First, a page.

Science & Technology Book Reviews (page 162)

SCIENCE & TECHNOLOGY
Released: June 1, 1994

"A feast of detailed scholarship, anecdote, and reflections- -touching on a crucial but neglected theme in the development of the western intellectual tradition."
A scholarly survey of how the concept of ``secret'' assisted the development of experimental science from ancient times until the 17th century. Read full book review >
SCIENCE & TECHNOLOGY
Released: June 1, 1994

"Essential reading for anyone interested in the history of space flight: well written, full of fascinating characters and facts, and above all worthy of its subject. (First printing of 40,000; author tour)"
For the 25th anniversary of the first moon landing, a winning and detailed account of the Apollo astronauts, a dozen of whom were the first human beings to walk on the face of the moon. Read full book review >

PSYCHOLOGY
Released: May 31, 1994

"Written for the general, but not the casual, reader, this work's extensive chapter notes on Kagan's methodology make it especially valuable to psychologists and psychiatrists."
A perceptive look at changing ideas about temperament, plus some strong opinions about the implications of current concepts. Read full book review >
INSTALLATION ART by Nicholas de Oliveira
SCIENCE & TECHNOLOGY
Released: May 19, 1994

"However, the book makes an important and useful reference point and a good start toward understanding an important facet of contemporary art."
This ambitious survey of the works of over 200 installation artists lacks a guiding rudder through the sea of pictorial information it presents. Read full book review >
THE HUBBLE WARS by Eric J. Chaisson
SCIENCE & TECHNOLOGY
Released: May 18, 1994

The astrophysicist and author of The Life Era (1987) relates in characteristic deadpan fashion the tumultuous history of the ill-fated (if recently redeemed) Hubble Space Telescope project. ``Given both the unprecedented complexity of the vehicle on orbit and the idiosyncratic cast of human characters on the ground, it is a miracle that the Hubble Space Telescope works as well as it does,'' Chaisson states in this detailed and often bleakly humorous account of the super-telescope's trials. Read full book review >

NATURE & TRAVEL
Released: May 15, 1994

"There are lots of memorable lines, and telling, even funny anecdotes (don't miss the one about the barnacle that bit) that make this Weiner a winner. (First printing of 40,000; Book-of-the-Month Club selection; Quality Paperback Book Club alternate selection; History Book Club selection)"
An unusual and enjoyable look at the ongoing process of evolution. Read full book review >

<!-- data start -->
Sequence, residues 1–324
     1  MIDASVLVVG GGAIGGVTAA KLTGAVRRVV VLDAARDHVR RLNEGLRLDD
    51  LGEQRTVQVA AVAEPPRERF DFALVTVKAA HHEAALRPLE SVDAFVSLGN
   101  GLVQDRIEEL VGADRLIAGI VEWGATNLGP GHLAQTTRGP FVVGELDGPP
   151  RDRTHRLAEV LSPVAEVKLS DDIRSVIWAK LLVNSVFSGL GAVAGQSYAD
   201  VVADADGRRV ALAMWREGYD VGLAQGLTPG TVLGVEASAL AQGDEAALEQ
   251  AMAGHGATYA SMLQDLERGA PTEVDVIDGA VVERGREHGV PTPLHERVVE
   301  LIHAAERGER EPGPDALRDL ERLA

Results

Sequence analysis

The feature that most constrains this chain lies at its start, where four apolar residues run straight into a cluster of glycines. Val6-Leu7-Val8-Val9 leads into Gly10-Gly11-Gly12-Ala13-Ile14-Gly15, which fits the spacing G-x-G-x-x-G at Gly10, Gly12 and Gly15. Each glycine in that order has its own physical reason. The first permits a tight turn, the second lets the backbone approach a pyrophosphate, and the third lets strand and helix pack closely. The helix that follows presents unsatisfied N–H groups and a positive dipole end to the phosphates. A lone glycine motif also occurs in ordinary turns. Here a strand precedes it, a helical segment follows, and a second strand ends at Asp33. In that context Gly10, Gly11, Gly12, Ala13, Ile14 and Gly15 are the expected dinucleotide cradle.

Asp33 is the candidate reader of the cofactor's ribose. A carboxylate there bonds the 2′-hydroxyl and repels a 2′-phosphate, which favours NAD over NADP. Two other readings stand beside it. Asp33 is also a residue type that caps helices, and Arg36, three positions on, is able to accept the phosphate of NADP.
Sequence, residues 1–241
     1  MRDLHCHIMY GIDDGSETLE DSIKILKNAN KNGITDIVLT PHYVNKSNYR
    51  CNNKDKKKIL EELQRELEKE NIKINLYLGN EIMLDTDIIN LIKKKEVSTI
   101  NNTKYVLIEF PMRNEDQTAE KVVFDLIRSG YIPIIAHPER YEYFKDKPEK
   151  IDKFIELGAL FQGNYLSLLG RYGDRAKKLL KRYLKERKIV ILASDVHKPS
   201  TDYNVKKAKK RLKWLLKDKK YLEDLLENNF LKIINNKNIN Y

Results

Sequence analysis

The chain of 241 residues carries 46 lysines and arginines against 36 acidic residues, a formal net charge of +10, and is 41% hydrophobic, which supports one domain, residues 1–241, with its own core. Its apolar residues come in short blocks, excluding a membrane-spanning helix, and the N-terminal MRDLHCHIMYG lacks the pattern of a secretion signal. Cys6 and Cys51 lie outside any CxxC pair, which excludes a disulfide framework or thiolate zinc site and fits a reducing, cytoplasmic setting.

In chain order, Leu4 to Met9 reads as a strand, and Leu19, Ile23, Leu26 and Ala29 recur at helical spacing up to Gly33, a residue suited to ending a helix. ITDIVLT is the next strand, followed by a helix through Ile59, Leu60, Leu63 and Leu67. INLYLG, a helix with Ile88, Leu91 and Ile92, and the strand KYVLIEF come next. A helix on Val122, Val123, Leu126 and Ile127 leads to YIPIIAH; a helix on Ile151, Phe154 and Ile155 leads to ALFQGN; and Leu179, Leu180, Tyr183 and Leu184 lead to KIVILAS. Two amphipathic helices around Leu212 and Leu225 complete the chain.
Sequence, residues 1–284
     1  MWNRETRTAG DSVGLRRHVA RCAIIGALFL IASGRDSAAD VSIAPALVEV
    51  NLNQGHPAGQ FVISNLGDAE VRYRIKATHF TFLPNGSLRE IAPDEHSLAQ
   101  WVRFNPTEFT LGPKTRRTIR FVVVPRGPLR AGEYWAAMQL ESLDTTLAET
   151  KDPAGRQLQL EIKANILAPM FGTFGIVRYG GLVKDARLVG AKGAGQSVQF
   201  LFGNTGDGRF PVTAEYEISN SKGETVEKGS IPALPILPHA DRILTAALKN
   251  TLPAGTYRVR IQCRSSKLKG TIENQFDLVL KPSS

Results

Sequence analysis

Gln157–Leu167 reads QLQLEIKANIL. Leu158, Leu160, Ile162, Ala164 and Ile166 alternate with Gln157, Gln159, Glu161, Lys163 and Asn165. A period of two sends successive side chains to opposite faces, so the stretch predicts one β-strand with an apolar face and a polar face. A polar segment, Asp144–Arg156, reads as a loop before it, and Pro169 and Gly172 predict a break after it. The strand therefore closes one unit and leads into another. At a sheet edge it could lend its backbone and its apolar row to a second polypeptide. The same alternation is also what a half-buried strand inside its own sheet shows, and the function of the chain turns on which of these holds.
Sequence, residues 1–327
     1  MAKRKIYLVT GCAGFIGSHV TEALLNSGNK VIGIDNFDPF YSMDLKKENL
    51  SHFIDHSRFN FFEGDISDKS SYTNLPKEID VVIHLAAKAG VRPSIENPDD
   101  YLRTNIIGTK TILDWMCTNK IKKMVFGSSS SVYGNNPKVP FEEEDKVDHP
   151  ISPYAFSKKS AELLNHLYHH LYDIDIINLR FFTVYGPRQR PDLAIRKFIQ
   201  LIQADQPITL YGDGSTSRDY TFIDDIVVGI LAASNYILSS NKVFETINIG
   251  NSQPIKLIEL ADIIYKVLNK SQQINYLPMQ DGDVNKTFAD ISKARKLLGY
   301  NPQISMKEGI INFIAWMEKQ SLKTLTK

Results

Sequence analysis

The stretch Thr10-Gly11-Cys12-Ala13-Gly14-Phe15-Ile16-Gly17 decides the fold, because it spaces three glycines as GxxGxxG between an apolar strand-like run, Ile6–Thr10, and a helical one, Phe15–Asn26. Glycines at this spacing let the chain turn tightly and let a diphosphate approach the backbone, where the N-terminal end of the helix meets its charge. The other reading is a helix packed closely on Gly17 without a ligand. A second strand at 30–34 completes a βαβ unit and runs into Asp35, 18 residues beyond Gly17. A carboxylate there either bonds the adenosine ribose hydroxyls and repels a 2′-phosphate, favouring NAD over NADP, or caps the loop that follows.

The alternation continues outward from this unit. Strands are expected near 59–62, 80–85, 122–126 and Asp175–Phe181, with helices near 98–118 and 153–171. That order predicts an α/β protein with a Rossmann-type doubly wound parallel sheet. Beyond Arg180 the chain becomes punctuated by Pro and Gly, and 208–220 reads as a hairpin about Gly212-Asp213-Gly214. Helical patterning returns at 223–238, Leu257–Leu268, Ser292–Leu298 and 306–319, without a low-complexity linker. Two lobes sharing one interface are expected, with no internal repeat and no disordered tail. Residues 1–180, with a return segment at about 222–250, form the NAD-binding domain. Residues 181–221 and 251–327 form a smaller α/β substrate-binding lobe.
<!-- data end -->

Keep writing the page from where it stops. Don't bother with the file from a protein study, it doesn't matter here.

UNIVERSE DOWN TO EARTH by Neil DeGrasse Tyson
SCIENCE & TECHNOLOGY
Released: May 5, 1994

"Well-written, authoritative, and almost always entertaining- -highly recommended."
Readers who find the physical sciences intimidating might profit from a look into this witty and accessible introduction to the foundations of modern science, with an emphasis on astronomy, by Tyson (Astrophysics/Princeton). Read full book review >
HEALTH & MEDICINE
Released: May 1, 1994

"High marks for being both instructive and entertaining."
A demanding but rewarding report that illuminates what neurology can now tell us about the human brain. Read full book review >
EINSTEIN LIVED HERE by Abraham Pais
BIOGRAPHY & MEMOIR
Released: May 1, 1994

"Those seeking a broad overview of Einstein's life will be better served elsewhere."
``Why is it that nobody understands me and everybody likes me?'' Albert Einstein reportedly asked the New York Times in 1944. Read full book review >
e: THE STORY OF A NUMBER by Eli Maor
SCIENCE & TECHNOLOGY
Released: May 1, 1994

"Pithy, punchy, and surprisingly accessible."
This book that dares to use ``e'' in its title is not for mathematicians only. Read full book review >
PSYCHOLOGY
Released: April 22, 1994

"Zohar and Marshall offer the general reader a better introduction to contemporary science than to social philosophy while stretching the limit of fashionable interdisciplinary discussion."
In the high-spirited Up my Mother's Flagpole (1974), Zohar characterized her early life as a process of individuation and alienation. Read full book review >
SCIENCE & TECHNOLOGY
Released: April 15, 1994

"Chapters on earthquake prediction, protein folding, DNA duplication, the search for the top quark, and the nature of the sun's deepest interior provide intriguing clues, if not the last roundup, on frontier science."
Capitalizing on an annual forum to showcase young investigators, the prestigious National Academy of Sciences is publishing science-writer versions of ``frontier'' research in 10 fields ranging from particle physics to AIDS. Read full book review >
Kirkus Interview
Jodi Picoult and Samantha van Leer
authors of OFF THE PAGE
May 19, 2015

Meet Oliver, a prince literally taken from the pages of a fairy tale and transported into the real world. Meet Delilah, the girl who wished Oliver into being. In bestseller Jodi Picoult and her daughter Samantha van Leer’s new young adult novel, Off the Page, it’s a miracle that seems perfect at first—but there are complications. To exist in Delilah’s world, Oliver must take the place of a regular boy. Enter Edgar, who agrees to play Oliver’s role in the pages of Delilah’s favorite book. But just when it seems that the plan will work, everything gets turned upside down. We talk to the mother-daughter team on Kirkus TV. View video >